Thursday, November 20, 2014


Thursday, November 20, 2014
“Belial” (be-lee-uil) in Hebrew is anything wicked, perverse or underhanded.  The word can be used to describe a small imperfection, or an assassination plot.  King David made grand sweeps with this Psalm; he won’t tolerate Belial in his sight:
     ü  Verse 2  His own behavior would be wise 
                             and mature
     ü  Verse 4  No evil friends
     ü  Verse 5  Excommunication and 
                             banishment for slanderers
     ü  Verse 7  Liars banned from his presence
     ü  Verse 8  Everyone who does wickedly 
                             cut off (literally, figuratively 
                             and legally), from having any 
                             right to be in Israel; 
                             this includes their families

One problem with understanding this Psalm is that it’s hard to tell if it comes before or after Psalm 51.  Of course Psalm 51 is the well-known contrition of David’s heart after his sin with Bathsheba.  If you take time to read that whole event (2 Samuel 11) David’s whole heart is swimming in Belial; he’s totally steeped in lying, evil plots, and slander of Bathsheba’s husband’s reputation – in short, David is doing wickedness, Belial

It would seem quite impossible for him to have written Psalm 101 after his fall.  Well, not with a straight face anyway!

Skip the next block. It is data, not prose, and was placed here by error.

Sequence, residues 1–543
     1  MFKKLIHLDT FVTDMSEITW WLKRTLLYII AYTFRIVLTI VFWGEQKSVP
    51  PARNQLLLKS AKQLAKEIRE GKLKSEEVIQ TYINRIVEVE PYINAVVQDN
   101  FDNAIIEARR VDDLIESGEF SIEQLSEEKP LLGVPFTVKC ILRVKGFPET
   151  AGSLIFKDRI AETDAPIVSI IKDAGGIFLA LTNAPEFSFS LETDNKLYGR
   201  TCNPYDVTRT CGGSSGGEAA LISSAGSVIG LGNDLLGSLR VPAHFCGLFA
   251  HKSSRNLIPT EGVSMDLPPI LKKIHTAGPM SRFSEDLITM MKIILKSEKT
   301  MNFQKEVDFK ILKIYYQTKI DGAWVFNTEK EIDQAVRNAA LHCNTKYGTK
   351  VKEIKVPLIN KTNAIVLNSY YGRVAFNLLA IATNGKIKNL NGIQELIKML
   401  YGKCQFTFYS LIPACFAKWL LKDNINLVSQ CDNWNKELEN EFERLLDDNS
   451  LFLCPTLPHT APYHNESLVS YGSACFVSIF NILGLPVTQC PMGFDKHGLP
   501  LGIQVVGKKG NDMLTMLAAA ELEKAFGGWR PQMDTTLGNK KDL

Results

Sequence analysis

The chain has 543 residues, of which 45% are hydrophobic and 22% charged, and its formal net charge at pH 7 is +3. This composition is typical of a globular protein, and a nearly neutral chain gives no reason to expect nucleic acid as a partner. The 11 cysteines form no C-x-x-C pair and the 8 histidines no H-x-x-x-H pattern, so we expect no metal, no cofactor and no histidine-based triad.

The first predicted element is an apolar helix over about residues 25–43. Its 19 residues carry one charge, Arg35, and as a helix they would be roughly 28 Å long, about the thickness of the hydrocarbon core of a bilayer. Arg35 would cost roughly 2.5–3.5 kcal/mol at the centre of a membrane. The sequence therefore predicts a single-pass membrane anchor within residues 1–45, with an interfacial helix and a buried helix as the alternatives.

I believe Psalm 101 came first; David’s love for God caused him to want to live his life as a perfect (mature) example of how to live before God.  And this is because he wanted to set the right standard in Israel; he wanted to be a great king for God. 

But David had a little problem understanding just how far-reaching is the depravity which lurks in the human heart.  His later fall in sin would reveal that all too graphically and publicly, as Nathan the Prophet exposed David’s actions as Belial!

So Psalm 101 and 51 are juxtaposition, a picture of extreme contrasts; it’s the light of deep love and obedience to God and God’s law, set against the background of dark living.  Psalm 101 – sets David’s speech of holiness in the forefront, while the backdrop of Psalm 51 is full of the opposite – Belial. 

By this kind of contrast we see how foolish our human resolve can appear to others.  We often fail with our living to measure up to our preaching!  Scripture has plenty of warning about that:

If you think you are standing strong, be careful not to fall.  1 Corinthians 10:12 (NLT)

I saw a church sign recently that said: 

Children of God ought to bear the family resemblance

A good thought toward that end might be to go ahead and declare your love for God, but humbly remember that it is only by God’s grace you can possibly live that way.

For You, Today

Did you take time to pray today?

Keeping your relationship with God fresh and current has a lot to do with how your life’s obedience to God will play out.  It keeps the Belial at check.

No comments:

Post a Comment